Bringing pets to the US

Bringing pets to the US

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HomeUS Visa & ImmigrationBringing pets to the US

Is it true that foreigners are not allowed to bring in pets?

No, it is not. Foreign visitors are allowed to bring pets to the US, but they are subject to health, quarantine, agriculture, wildlife, and customs requirements and prohibitions. Pets (except for pet birds) taken out of the United States and returned are subject to the same requirements as those entering for the first time.

Does the US require health certificate for the pets I am bringing into the US?

The Center for Disease Control (CDC) does not require general certificates of health for pets to be brought into the United States. However, airlines may require health certificates for traveling pets, and health certificates may be required for entry into some states. Check with officials in your state of destination and with your airline prior to your travel.

What are the general requirements to bring in pet dogs to the US?

Although certificates of health are not required, pet dogs are inspected at ports of entry. Pet dogs may be denied entry into the United States if they have evidence of an infectious disease that can be transmitted to humans. If a dog appears to be ill, further examination by a licensed veterinarian, at the owner’s expense, might be required at the port of entry.

In addition, travelers with dogs originating from areas not free of rabies must bring a valid rabies vaccination certificate. Dogs not accompanied by proof of rabies vaccination may be admitted if the importer completes a confinement agreement and confines the animal until it is considered adequately vaccinated against rabies (the vaccine is not considered effective until 30 days after the date of vaccination).

Do cats require rabies vaccination certificate?

Cats are not required to have proof of rabies vaccination for importation into the United States. However, some states require vaccination of cats for rabies, so always check with state and local health authorities at your final destination.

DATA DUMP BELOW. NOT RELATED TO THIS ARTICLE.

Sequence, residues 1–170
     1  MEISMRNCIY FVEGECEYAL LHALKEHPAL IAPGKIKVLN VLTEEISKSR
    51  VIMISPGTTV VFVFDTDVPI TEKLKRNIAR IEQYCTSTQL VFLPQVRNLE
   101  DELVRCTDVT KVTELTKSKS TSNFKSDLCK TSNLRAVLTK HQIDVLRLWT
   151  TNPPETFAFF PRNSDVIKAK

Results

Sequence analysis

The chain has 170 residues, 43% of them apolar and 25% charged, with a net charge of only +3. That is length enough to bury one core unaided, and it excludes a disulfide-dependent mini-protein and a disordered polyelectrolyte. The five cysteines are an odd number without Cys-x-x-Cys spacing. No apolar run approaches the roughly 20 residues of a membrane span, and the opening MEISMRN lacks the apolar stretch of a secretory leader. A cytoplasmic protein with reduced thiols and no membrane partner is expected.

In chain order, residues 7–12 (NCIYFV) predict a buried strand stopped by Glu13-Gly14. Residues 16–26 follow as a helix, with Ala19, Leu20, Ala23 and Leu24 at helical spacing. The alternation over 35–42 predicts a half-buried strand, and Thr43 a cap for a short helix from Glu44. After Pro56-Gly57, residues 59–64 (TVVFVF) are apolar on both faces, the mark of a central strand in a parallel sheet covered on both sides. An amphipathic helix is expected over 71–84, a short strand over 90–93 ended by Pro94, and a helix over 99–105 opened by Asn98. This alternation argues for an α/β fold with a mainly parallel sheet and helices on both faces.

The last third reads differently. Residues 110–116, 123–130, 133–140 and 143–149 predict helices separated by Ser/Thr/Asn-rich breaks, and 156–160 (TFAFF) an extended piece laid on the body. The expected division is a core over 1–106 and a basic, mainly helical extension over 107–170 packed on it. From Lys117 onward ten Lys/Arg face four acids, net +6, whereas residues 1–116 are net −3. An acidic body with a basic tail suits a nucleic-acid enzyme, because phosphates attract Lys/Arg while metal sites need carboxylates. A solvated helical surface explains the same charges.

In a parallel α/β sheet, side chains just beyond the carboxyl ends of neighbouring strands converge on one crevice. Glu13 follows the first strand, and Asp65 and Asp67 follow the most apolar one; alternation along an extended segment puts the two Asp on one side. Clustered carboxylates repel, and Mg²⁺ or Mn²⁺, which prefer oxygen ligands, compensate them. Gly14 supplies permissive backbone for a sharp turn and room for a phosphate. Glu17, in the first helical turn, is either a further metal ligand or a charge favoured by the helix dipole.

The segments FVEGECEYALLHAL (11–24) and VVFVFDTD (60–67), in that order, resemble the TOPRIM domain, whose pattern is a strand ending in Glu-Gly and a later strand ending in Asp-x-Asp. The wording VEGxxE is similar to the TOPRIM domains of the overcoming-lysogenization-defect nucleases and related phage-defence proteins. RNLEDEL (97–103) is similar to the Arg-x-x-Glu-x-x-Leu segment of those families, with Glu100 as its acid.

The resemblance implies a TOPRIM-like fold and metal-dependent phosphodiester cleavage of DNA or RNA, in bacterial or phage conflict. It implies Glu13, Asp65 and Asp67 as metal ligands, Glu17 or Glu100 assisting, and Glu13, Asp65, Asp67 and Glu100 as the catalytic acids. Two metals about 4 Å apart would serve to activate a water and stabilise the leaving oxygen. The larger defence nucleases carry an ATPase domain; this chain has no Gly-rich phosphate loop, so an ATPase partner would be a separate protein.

Can we still bring in birds?

USDA’s Animal and Plant Health Inspection Service (APHIS) implements strict regulations regarding the importation of birds. To import a pet bird of non-US origin for personal pleasure of the individual owner, the owner must fulfill the following requirements:

  • Obtain a USDA Import Permit
  • Provide a current health certificate issued by a full-time salaried veterinarian employed for the agency responsible for animal health of the national government in the exporting country of origin.
  • Quarantine the bird for 30 days, at the owner’s expense, in a USDA animal import center.

Can monkeys be brought in?

Monkeys and other primates may be brought into the United States for scientific, educational or exhibition purposes by importers who are registered with the CDC. However, they may not be brought in as pets.

What about turtles, snakes, or lizards?

CDC does not regulate snakes or lizards, but does limit imports of small turtles. Those with a carapace (shell) length of less than 4 inches may not be imported for any commercial purpose. An individual may import as many as six of these turtles for noncommercial purposes.

Are there any restrictions in Rabbits, Guinea pigs, hamsters, ferrets and other pet rodents bring in as pets?

Currently there are no restrictions or requirements on these animals if brought in as pets.

Where can I find more information and requirements about bringing in pets?

Please visit CDC website http://www.cdc.gov/animalimportation/index.html and US Fish and wildlife Service http://www.fws.gov/ for more information.

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